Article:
"Wannabe mandarins" works pretty well for me.

Michael The Magnificent said...

I'm reading Matt's article, and it's full of misinformation. He keeps saying "personal email address" instead of "personal email server." There is a world of difference between the two.

If Hillary had used a "personal email address" such as a gmail.com account, she might be able to "delete" emails, such that they wouldn't appear in her inbox, but those emails would still exist on Google's servers, and would be easy enough to retrieve with a subpoena.

But Hillary used a "personal email server," her very own piece of computer hardware that received and stored all of her email. And by owning the hardware, she could permanently erase those emails - which was actually done with BleachBit shortly after the NYT reported she was using a private email server. At which point, those emails would be impossible to recover, regardless of any subpoena.

And no, she couldn't access State's email server with her personal Blackberry, precisely because her consumer-grade Blackberry was not secure enough. Blackberry does make extra-secure encrypted phones, which State would have issued to her, but the extra-secure Blackberries won't connect to insecure email servers.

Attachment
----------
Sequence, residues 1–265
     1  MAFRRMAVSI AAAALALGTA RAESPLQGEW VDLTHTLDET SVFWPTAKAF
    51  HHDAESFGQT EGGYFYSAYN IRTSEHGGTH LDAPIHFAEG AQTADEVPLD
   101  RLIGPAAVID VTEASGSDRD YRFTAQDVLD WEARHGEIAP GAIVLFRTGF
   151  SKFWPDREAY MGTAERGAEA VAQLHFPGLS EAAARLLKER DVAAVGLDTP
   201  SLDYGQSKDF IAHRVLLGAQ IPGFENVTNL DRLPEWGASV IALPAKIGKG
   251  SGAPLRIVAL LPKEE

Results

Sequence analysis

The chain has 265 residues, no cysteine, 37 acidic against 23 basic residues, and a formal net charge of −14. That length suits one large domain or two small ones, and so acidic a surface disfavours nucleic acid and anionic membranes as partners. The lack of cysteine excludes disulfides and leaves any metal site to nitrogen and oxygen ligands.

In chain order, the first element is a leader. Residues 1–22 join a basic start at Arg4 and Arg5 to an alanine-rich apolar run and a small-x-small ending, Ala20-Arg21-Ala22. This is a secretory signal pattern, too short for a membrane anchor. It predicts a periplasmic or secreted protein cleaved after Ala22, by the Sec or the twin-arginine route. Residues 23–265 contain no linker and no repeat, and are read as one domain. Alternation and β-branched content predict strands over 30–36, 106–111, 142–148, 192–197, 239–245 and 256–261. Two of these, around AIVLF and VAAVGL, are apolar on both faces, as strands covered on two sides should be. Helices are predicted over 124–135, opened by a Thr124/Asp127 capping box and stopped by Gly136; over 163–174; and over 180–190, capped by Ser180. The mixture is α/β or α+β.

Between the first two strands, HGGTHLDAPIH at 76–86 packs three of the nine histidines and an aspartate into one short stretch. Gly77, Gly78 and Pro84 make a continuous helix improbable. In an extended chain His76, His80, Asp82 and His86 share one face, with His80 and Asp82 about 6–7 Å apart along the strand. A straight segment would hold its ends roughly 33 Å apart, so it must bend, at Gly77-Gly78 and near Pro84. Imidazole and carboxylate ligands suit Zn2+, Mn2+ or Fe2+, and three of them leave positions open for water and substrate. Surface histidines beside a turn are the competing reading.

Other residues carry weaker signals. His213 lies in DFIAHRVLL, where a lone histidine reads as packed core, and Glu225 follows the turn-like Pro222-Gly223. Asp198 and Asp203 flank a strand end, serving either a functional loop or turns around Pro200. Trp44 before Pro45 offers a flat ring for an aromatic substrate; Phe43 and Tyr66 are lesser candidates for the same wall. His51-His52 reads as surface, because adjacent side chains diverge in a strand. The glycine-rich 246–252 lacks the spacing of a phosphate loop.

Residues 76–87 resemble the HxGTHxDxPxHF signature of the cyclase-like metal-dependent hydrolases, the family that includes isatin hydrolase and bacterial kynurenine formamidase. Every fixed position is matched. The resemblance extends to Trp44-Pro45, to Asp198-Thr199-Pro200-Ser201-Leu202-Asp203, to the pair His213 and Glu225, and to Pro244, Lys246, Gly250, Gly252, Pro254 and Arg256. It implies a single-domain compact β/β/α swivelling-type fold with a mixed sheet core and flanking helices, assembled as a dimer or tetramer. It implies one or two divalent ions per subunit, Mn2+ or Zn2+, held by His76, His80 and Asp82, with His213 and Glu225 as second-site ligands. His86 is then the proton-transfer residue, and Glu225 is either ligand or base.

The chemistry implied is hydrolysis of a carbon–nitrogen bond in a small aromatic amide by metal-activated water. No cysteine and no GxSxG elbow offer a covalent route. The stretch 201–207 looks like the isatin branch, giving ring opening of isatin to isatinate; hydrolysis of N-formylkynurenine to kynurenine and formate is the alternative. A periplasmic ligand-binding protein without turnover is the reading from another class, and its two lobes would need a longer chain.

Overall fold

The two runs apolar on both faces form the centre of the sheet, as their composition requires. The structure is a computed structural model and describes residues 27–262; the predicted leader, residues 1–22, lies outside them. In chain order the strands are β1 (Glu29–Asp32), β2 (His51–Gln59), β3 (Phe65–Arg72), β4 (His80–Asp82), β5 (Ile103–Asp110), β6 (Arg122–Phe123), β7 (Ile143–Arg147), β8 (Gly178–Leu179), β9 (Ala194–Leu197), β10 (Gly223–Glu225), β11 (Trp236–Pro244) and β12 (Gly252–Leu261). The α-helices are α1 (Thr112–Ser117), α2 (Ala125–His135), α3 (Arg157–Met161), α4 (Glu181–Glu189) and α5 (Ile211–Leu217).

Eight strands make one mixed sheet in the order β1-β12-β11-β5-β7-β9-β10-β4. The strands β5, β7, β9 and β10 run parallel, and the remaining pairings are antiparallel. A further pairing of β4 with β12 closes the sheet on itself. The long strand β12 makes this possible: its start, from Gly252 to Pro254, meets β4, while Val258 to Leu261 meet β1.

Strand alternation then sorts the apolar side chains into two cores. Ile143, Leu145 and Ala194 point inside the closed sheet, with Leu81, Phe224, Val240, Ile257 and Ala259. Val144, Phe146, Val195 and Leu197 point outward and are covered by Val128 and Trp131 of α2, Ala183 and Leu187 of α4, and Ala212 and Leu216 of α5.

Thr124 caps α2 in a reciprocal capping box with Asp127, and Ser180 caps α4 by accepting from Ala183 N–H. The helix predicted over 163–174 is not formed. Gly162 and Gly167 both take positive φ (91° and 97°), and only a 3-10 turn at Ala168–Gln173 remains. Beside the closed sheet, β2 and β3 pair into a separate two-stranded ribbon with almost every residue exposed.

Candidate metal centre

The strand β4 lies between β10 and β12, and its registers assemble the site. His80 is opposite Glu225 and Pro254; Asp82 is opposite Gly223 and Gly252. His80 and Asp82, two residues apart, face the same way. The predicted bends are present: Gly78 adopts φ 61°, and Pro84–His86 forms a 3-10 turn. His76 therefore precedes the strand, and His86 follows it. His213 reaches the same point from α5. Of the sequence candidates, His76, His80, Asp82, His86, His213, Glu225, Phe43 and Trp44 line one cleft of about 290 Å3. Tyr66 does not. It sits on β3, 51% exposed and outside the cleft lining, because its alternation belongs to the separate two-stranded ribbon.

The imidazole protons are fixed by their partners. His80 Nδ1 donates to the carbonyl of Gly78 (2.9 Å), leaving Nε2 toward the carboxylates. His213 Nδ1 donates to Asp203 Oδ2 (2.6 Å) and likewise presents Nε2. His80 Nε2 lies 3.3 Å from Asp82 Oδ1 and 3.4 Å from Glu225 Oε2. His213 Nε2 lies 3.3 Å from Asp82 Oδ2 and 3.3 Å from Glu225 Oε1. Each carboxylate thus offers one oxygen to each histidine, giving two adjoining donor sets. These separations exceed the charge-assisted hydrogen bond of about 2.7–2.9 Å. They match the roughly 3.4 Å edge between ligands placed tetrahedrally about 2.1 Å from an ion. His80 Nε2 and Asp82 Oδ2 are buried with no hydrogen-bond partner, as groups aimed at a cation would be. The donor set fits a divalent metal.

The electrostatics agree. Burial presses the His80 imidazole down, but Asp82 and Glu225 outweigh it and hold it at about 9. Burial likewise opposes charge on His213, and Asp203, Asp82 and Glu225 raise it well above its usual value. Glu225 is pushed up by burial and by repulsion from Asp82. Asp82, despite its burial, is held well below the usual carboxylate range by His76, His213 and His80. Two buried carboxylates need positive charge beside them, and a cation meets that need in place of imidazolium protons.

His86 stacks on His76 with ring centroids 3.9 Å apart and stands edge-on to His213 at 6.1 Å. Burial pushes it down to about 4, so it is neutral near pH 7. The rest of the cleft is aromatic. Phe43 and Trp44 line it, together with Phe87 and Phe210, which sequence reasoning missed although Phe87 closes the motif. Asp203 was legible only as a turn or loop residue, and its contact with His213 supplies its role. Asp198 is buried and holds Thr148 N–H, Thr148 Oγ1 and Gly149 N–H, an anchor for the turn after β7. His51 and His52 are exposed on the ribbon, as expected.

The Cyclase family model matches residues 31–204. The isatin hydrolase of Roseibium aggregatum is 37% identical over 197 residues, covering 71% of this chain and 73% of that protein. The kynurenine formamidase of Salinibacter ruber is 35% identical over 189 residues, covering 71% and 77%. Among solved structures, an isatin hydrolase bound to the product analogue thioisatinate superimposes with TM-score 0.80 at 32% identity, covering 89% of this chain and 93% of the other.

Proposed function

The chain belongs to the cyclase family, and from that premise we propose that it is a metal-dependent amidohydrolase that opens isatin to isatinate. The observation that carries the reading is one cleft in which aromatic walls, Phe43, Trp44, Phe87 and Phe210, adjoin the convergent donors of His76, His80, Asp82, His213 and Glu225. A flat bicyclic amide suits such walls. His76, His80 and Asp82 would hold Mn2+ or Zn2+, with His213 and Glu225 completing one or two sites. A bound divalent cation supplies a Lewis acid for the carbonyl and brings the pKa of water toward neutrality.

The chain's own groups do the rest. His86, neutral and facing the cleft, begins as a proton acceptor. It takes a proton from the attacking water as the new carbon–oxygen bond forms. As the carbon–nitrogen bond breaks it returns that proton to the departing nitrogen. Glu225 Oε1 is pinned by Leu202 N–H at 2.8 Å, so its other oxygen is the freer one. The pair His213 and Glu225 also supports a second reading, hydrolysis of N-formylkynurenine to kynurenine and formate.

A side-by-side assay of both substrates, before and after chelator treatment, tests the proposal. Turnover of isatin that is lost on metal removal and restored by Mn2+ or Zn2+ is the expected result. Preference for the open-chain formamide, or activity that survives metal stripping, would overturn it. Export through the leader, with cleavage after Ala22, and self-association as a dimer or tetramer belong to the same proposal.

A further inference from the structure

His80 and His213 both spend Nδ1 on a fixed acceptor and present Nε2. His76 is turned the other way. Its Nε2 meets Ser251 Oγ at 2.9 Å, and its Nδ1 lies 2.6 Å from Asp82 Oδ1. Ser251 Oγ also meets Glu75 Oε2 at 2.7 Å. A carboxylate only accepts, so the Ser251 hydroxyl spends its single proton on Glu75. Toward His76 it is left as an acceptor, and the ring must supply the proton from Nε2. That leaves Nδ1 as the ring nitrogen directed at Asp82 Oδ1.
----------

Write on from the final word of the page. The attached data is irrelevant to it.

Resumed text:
The proper solution would have been to conduct all State business using the security-hardened Blackberry issued to her from State, and conduct her private business using the Blackberries she had her assistants buy for her on eBay. She had a coterie of lackies following her everywhere she went, it's not as though she couldn't have tasked one of them with holding onto her two phones for her.